Iraqi government forces are advancing into Tikrit on several fronts, forcing Islamic State (IS) militants to fall back to the city centre, officials say, reports BBC. Soldiers and militiamen have reportedly retaken areas and key sites in the north, south and west, including a police headquarters and a hospital. Iraq’s defence minister said phase two of the offensive would begin soon. Some 23,000 personnel are believed to be involved in the operation to recapture Saddam Hussein’s hometown. It is the biggest offensive against IS mounted by the government since the jihadist group captured large parts of the country last June. Meanwhile, the BBC has seen video evidence that chlorine gas is being used as a weapon in Tikrit by IS militants. The Iraqi government said small amounts of the chemical were being used in crude roadside bombs targeting its forces.
Suicide car bombs
The battle for Tikrit appeared to be entering a critical phase on Thursday, with about 3,000 Iraqi soldiers and police making a final push for the city, backed by 20,000 Popular Mobilisation militiamen and a much smaller force of Sunni tribesmen. A security official in the Samarra Operations Command in Salahuddin province told the BBC government forces had taken the Industrial Zone and Celebrations Square near the city centre after seizing the Qadisiya area further north. They also now reportedly hold the Teaching Hospital and the New Ouja district in the city’s south-east, and the al-Diyum and al-Hayakil areas in the west.
The official said battles with IS militants were taking place near Celebrations Square, in the western district of al-Zuhur, an d around the presidential palace complex built by Saddam in the south-east. Iraqi Defence Minister Khaled al-Obeidi said he expected government forces to reach the centre of Tikrit within three to four days. The head of the military operation told the Associated Press news agency IS militants were trying to repel security forces with snipers, heavy machine-guns and mortars, as well as suicide car bomb attacks. Earlier, a senior Popular Mobilisation commander, Moeen al-Kadhimi, told CNN 75% of the city was back in government control. The remaining 25% was in the hands of about 150 IS militants, he added.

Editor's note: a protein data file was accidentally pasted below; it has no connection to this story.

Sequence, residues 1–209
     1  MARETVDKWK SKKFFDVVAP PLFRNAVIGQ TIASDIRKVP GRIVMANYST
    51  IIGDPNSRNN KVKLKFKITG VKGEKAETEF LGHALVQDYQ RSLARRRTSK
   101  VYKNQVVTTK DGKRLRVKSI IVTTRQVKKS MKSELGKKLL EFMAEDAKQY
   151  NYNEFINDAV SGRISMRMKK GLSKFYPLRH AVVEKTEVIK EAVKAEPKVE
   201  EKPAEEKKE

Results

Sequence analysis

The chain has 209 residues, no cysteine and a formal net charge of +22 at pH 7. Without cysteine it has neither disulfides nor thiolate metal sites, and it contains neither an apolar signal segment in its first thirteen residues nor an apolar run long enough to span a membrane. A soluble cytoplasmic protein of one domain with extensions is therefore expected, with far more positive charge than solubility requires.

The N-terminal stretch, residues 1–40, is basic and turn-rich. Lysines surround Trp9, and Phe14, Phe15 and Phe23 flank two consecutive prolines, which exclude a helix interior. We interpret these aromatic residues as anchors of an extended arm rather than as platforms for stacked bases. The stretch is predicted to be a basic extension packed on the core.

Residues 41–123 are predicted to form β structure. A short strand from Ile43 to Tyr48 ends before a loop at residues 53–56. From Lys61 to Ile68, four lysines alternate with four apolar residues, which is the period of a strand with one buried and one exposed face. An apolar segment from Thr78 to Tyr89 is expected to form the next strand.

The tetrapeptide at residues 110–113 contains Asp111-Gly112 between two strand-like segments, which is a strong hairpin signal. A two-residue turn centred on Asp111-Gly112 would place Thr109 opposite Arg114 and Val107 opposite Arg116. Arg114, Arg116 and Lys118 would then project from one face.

Fears for Sunnis
On Wednesday, the chairman of the US Joint Chiefs of Staff, Gen Martin Dempsey, said he was certain the operation was going to succeed, despite the fact that US-led coalition air power was not being used. But with Iranian-backed Shia militia leading the fight for Tikrit and the Iranian military helping to co-ordinate it, he voiced concerns about what would happen to the city’s Sunni population when the fighting was over. “There’s no doubt… they’re going to run [IS] out of Tikrit,” he told a hearing of the Senate foreign relations committee.
“The question is what comes after, in terms of their willingness to let Sunni families move back into their neighbourhoods – whether they work to restore the basic services that are going to be necessary, or whether it results in atrocities and retribution.” Shia militia leaders have vowed to seek revenge for the massacre by IS fighters and allied Sunni tribesmen of at least 700 soldiers, most of them Shia, at Camp Speicher outside Tikrit last June. The offensive on Tikrit is the first attempt to push out IS from a major urban centre in Iraq and is seen as a test for a planned operation to retake Mosul, the largest city in the north.